As Death Toll Rises In Ebola Outbreak, WHO Declines To Declare Global Health Emergency

As Death Toll Rises In Ebola Outbreak, WHO Declines To Declare Global Health Emergency

The World Health Organisation (WHO) has decided not to declare a global health emergency in response to the Ebola outbreak that’s currently taking place in Africa, despite large numbers of people dying every day.

The outbreak started in August of 2018 and is so far the second deadliest Ebola outbreak in history. As of today, 1206 people have been infected and 764 people have been killed.

The number of cases has grown steadily in the past three weeks, with 18 new cases of Ebola diagnosed on Wednesday and 20 new cases diagnosed on Thursday. Thirteen people died of Ebola yesterday.

WHO assembled an emergency panel of experts in Geneva today to determine whether the Ebola outbreak, which is currently in the Democratic Republic of the Congo (DRC), should warrant a heightened international response.

“Although there was great concern about some raising numbers in some regions the outbreak has not spread internationally,” Professor Robert Steffen, Chair of the Emergency Committee, said on a call with reporters this afternoon.

While not declaring a global health emergency, Steffen stressed that the decision does “not mean we can lean back and relax”.

It’s the tenth Ebola outbreak in the DRC in the past 40 years and a startling 29 per cent of cases have been in kids under the age of 18. A global health emergency declaration would allow WHO to raise more money, something that’s desperately needed to fight the spread of the virus. But the WHO panel declined to do that.

As health news website Stat News notes, one of the reasons that this current outbreak wasn’t declared a health emergency earlier is that it hasn’t yet spread to other countries. That remains the case after today’s decision, which is sure to disappoint a number of doctors fighting the virus in DRC.

Public health workers in DRC face the rampant spread of misinformation, most strangely the idea that the Ebola crisis is simply a way to control people.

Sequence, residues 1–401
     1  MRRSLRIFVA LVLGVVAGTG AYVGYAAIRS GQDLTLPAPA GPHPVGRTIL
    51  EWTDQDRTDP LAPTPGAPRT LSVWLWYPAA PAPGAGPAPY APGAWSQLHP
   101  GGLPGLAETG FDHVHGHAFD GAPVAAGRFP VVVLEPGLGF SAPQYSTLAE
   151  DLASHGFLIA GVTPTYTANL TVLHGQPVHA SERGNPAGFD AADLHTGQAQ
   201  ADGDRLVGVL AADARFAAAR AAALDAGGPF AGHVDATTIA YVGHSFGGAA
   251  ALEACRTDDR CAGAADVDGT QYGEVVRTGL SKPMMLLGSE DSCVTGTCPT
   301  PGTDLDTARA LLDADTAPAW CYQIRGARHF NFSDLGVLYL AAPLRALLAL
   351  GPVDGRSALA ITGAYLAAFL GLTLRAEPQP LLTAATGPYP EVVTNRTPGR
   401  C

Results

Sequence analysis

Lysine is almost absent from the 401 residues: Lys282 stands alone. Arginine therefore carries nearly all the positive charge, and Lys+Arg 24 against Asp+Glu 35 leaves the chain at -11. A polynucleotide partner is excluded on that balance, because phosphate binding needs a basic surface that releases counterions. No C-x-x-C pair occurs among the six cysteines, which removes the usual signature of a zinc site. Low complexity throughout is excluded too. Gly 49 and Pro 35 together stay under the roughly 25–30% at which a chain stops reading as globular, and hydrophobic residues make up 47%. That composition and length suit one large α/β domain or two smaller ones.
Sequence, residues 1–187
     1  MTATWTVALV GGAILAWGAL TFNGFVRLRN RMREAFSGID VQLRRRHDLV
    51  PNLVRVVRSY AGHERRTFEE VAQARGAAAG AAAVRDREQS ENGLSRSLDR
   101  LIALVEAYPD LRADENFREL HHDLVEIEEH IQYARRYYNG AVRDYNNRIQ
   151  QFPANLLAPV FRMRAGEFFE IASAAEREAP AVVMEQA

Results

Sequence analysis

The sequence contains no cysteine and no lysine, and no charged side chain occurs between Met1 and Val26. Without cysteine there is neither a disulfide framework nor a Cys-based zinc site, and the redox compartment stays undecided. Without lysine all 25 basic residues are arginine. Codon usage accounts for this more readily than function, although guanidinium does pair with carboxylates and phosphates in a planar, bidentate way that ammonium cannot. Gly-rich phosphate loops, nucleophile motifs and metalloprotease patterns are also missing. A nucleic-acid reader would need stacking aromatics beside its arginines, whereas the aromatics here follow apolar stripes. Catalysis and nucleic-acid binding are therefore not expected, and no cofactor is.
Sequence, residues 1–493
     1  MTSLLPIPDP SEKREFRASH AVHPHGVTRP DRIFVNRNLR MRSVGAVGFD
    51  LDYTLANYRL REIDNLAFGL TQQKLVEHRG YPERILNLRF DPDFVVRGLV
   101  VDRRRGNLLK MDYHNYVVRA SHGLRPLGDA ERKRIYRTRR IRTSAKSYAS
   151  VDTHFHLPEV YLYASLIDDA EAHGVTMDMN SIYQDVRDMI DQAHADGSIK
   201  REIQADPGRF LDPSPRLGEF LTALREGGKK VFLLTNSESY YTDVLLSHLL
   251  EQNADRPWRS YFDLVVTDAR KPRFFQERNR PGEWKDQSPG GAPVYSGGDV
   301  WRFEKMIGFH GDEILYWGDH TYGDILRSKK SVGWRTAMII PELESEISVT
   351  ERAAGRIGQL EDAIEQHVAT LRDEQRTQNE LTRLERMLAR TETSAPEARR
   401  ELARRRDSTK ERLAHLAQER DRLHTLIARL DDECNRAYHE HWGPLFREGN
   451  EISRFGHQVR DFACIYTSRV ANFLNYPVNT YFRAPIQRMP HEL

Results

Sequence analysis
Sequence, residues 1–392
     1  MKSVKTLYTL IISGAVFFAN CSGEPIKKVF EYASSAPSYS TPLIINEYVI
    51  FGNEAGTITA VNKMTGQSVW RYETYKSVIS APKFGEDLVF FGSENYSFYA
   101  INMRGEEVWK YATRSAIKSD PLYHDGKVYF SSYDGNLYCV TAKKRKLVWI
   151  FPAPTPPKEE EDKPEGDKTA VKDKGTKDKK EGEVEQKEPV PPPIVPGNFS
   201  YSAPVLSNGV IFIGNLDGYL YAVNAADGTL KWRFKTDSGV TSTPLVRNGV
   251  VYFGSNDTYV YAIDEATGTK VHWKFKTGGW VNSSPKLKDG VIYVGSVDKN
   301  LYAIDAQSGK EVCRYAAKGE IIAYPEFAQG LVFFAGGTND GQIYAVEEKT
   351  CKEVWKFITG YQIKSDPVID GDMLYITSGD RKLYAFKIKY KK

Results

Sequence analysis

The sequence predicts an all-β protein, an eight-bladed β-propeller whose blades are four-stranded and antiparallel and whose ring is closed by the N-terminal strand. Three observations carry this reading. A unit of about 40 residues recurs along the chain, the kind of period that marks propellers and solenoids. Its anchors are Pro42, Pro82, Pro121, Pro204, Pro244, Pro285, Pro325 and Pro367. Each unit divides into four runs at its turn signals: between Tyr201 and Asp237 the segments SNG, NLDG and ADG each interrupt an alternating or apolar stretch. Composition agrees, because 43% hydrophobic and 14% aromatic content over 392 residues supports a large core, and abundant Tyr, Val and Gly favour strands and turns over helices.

Roughly 36 per cent of people in the DRC believe that Ebola doesn’t even exist, according to a recent survey for the journal Lancet Infectious Diseases. And roughly two thirds of people said that they wouldn’t take a hypothetical vaccine for Ebola.

The pharmaceutical company Merck makes an experimental vaccine for Ebola called V920. Merck has shipped almost 145,000 doses of what it calls the “investigational vaccine” to the World Health Organisation as of this week and estimates that 96,000 people have been vaccinated during this latest Ebola outbreak. Merck expects to donate and ship about 100,000 doses within the next few months.

Trish Newport, a representative for Doctors Without Borders, told the Associated Press today that 75 per cent of people who have been infected with Ebola during this current outbreak have “no obvious link to previous patients”, which means that doctors on the ground aren’t able to track how the virus is spreading. And that’s a huge problem.

The current outbreak is less deadly so far than the 2014 outbreak that lasted until 2016, infecting almost 30,000 people and killing more than 11,000. As the AP notes, WHO was criticised during the last outbreak for not declaring a global health emergency earlier. It’s likely to face similar criticism for today’s decision.

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